A new poll indicates that a plurality of American voters have a positive opinion of Sen. Kamala Harris, who made history on Tuesday as the first Black woman to serve as a major political party’s vice-presidential pick.

A Georgetown University/Battleground national poll released on Monday – one day before presumptive Democratic presidential nominee Joe Biden named the senator from California and former state attorney general as his running mate – showed that 43% of likely voters nationwide had a favorable view of Harris, with 36% holding an unfavorable view. Eight percent said they had no opinion and 13% answered that they’ve never heard of the senator.


Harris’ favorable rating was up in Georgetown University polling from last October, when she stood at 35% favorable and 43% unfavorable. At the time, 7% had no opinion and 16% hadn’t heard of the senator. The earlier poll was conducted as Harris’ Democratic presidential campaign was running short on cash and her numbers in the nomination horse race were in decline. The senator suspended her White House bid two months later, in December.

According to the new poll – which was conducted Aug. 1-6 – Harris has a 76% favorable rating among Democrats. But she’s slightly underwater among independent voters at 37%-40% -- and she has a 10%-65% favorable/unfavorable rating among Republican voters.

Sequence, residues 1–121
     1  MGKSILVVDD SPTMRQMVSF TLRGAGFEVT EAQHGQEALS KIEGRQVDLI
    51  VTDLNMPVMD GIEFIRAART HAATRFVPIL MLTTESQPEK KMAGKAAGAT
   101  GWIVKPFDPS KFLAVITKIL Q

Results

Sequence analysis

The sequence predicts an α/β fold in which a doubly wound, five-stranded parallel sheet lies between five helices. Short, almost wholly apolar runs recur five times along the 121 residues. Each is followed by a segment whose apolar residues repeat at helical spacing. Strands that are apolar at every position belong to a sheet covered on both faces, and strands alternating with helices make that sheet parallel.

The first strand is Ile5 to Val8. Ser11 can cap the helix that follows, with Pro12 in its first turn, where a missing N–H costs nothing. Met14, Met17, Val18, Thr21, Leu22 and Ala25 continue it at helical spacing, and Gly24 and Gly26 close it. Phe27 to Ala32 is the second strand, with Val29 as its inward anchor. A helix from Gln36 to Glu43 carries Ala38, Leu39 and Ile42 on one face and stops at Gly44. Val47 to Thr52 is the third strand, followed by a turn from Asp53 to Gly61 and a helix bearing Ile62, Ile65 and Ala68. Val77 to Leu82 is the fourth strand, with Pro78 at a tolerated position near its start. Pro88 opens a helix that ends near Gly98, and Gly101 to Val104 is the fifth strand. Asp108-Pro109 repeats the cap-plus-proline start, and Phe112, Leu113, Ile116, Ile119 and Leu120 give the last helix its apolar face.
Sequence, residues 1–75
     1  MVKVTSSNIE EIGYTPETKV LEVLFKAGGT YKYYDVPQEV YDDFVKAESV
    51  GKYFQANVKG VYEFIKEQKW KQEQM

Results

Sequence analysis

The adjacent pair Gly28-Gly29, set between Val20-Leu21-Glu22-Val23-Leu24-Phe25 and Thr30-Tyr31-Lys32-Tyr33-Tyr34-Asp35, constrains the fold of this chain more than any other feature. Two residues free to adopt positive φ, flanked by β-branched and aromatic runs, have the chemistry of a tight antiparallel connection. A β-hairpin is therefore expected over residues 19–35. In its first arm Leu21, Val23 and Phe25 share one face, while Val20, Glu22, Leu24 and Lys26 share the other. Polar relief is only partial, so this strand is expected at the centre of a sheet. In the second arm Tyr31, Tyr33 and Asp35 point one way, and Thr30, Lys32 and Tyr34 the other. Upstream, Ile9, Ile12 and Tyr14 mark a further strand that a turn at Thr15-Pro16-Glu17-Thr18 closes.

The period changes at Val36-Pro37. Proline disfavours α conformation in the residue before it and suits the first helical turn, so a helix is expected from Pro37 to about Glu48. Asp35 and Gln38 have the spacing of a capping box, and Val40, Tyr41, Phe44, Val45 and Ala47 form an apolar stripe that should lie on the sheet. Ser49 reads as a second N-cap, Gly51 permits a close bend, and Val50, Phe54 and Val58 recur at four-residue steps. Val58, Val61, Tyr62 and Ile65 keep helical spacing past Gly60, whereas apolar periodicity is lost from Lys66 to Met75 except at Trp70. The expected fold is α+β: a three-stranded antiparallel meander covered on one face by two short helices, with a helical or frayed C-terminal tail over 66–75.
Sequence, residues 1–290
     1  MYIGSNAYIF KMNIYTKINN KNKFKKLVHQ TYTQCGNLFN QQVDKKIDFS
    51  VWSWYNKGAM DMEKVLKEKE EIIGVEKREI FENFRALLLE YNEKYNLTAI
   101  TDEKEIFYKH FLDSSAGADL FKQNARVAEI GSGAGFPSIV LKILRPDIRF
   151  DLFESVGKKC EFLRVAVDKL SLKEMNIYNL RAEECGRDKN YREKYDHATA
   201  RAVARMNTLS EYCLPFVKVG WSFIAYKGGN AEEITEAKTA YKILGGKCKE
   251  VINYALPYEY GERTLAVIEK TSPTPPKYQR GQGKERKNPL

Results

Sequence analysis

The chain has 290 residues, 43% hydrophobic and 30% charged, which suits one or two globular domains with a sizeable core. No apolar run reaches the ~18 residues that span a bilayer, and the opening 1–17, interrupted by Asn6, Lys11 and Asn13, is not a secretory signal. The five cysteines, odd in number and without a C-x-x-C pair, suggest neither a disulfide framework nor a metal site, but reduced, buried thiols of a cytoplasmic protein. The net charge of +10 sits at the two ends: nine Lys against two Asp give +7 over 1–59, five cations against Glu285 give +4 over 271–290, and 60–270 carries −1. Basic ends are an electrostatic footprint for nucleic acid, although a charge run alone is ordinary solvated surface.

Harris had a 64%-15% favorable rating among Black voters, 41%-39% among White voters, and 39%-32% among Hispanic and Latino voters.


“I think she energizes a base that’s already pretty energized,” Mo Elleithee, the founding executive director of Georgetown University's Institute of Politics and Public Service and a Fox News contributor, said.

“Her numbers are incredibly high with African American voters, with people who don’t like President Trump, with a lot of the key constituencies of the Democratic base,” added Elleithee, a senior spokesman for Hillary Clinton’s 2008 presidential campaign who later served as communications director for the Democratic National Committee.

The Georgetown University Battleground poll was conducted by Lake Research Partners and the Tarrance Group, with live telephone operators interviewing 1,000 likely voters. The survey’s sampling error is plus or minus 3.1 percentage points.